Basically, there are no set guidelines these days. Expenses can be separated in the way that is most harmonious for the couple. The exact opposite thing you require is pressure and frowning over cash splitting to put a dampener on the special day.
Take a look at the traditional cost-splitting basics, then work out a budget that works best for you and your loved ones. Again, serving as suggestions only due to the individual dynamics of families as discussed already.
In Bangladesh, this strategy is used in many ways. The most common one is for the bride’s side to host one ceremony; the wedding and the groom’s side hosting the grand reception as an equaliser.
However, in the case of a joint program which is more common nowadays, whether it’s the holud or the wedding event itself, splitting down the middle is a common practice.
In addition to a 50/50 split between each family, the cost can also be shared by the bride and bridegroom paying half as a couple, and the remaining half being made up collectively by their two sets of parents.
Sharing through item allocation
According to tradition, certain items are covered by certain persons. It’s still a shared model, but it needs more detailed negotiation. What it does mean is that if there’s an area within your remit where you want to splash out a little extra, you can do so without forcing others into additional expenditure.
Customarily, the bride’s family paid for many areas of the wedding, and while some still hold to this tradition, many couples these days wish to split the costs of the wedding more equitably amongst the bride, bridegroom and their respective families as seen fit.
An item wise breakdown of cost looks like this:
• Bride and family pay for venue and so on.
• Groom and family pay for marriage registration and Kazi Office expenses.
• Bride and family pay for bride's dress, veil, accessories and groom and family pay for groom's outfit in christian weddings.
• In Muslim weddings, the opposite happens. The groom’s family bear all costs of dressing the bride including jewellery and the bride’s family dresses the groom.
• All attendants who are family members pay for their own clothing, or receive clothing from the sides they belong to.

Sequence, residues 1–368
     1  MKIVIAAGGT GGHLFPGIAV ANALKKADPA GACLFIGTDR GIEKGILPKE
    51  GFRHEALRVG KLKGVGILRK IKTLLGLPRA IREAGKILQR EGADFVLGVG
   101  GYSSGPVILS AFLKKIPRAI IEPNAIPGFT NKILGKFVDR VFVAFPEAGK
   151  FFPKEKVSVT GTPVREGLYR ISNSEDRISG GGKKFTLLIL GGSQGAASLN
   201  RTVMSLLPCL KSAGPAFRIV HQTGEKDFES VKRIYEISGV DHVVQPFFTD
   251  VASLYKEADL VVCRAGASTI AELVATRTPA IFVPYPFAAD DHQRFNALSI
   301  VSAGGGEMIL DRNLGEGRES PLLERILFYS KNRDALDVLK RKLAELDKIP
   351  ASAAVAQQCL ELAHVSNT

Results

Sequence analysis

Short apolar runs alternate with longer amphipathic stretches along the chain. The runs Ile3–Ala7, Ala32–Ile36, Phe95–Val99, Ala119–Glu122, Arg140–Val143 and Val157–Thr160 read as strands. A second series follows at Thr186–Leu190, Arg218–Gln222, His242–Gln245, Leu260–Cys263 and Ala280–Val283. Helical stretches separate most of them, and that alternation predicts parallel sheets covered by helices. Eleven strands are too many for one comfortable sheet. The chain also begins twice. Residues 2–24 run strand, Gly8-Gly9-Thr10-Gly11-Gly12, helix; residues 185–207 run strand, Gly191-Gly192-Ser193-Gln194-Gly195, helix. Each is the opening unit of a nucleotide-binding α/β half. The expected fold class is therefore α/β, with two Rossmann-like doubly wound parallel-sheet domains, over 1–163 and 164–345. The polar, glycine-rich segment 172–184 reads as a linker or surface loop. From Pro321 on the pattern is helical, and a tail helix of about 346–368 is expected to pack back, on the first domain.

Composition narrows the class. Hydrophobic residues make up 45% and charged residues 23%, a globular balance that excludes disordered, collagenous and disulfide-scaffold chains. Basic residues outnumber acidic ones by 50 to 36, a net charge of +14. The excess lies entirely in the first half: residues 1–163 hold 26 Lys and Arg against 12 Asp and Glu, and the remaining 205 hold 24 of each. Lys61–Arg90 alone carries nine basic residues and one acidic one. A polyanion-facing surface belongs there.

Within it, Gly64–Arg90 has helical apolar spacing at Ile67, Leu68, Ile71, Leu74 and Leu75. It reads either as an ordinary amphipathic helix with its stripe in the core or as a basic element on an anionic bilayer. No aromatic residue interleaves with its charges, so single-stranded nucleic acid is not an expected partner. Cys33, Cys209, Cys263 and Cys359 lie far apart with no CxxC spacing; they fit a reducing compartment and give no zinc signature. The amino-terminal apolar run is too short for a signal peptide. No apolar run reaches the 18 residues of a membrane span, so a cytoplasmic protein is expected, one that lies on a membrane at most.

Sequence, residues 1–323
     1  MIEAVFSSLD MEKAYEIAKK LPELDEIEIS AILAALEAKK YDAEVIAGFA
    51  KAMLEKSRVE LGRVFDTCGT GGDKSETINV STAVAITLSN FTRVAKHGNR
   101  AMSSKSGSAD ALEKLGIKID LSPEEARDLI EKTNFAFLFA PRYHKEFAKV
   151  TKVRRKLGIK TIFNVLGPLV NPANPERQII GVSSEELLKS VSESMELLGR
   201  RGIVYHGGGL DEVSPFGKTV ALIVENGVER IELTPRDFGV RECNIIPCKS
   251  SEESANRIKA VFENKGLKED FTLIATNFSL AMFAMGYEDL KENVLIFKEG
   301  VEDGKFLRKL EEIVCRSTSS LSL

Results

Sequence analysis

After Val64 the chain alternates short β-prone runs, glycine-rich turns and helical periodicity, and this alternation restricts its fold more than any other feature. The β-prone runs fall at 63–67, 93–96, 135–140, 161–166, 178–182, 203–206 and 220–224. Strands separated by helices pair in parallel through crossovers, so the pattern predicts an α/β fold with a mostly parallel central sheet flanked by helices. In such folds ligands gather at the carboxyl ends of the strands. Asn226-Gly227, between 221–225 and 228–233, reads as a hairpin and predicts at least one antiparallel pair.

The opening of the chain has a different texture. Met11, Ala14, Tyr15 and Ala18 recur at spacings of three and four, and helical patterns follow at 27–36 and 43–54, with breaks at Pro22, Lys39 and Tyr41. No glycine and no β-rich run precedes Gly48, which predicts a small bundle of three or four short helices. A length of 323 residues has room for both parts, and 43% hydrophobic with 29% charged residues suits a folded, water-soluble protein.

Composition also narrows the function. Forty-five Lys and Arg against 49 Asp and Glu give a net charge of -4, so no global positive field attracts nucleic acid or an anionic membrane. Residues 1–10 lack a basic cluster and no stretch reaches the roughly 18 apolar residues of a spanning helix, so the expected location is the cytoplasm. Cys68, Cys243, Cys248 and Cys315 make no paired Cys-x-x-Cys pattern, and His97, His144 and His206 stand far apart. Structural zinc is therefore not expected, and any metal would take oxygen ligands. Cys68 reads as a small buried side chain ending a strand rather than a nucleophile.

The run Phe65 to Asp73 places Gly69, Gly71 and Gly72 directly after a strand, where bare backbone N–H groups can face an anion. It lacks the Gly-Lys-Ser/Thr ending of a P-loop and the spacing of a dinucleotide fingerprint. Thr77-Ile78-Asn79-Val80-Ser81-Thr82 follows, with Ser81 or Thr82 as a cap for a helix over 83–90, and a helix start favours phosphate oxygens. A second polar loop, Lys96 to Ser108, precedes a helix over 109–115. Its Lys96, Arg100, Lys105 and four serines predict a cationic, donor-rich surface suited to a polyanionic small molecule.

Flowers and decorations
• Bride and family pay for floral arrangements for the wedding ceremony and for reception, the groom’s family covers the decoration cost.
• In many Christian weddings, Groom and family pay for the bride's bouquet, boutonnieres for men and corsages for mothers and grandmothers.
• The new “husband” or his family pay for the complete honeymoon.
• Traditionally, the bride and family pay for all wedding photos and videos.
• Groom and family pay for any photo during the reception.
• Bride's or bridegroom's family plans and hosts the engagement party; if there's more than one, the bride's family hosts the first one.
• Groom's family plans and hosts the rehearsal dinner.
• Maid of honour and bridesmaids host the bridal shower and bachelorette party.
• Best man and groomsmen host the bachelor party.
• Friends may throw additional engagement parties or showers.
• The bride’s family pays for her Gaye Holud.
• The groom’s family pays for his Gaye Holud.
• In Christian weddings, Bride and family pay for all professional services, including food and decorations and groom's family pays for the DJ or band, and liquor.
• In Christian weddings, Bride and/or her family pay for the groom's ring and groom and/or his family pay for both of the bride's rings.
• The opposite is the case for Muslim weddings. Each party’s ring is purchased by the other.
• Bride and family pay for invitations, announcements and wedding programs.
• Bride and family pay for wedding transportation of the wedding party to and from the ceremony and reception.
• Denmohor or Mahr is a practice originally intended to provide the bride economic security and limit the bridegroom's arbitrary use of unilateral divorce. It is paid by the bridegroom or his father.
Paying the reasonable proportion
Sometimes, one family might be wealthier than the other. This can be uncomfortable to explicitly acknowledge but, if you can get past that hurdle, it makes sense to share the expenses in a way that doesn’t bankrupt one side. This system works better if the family who’s financially better off takes the lead to have the conversation.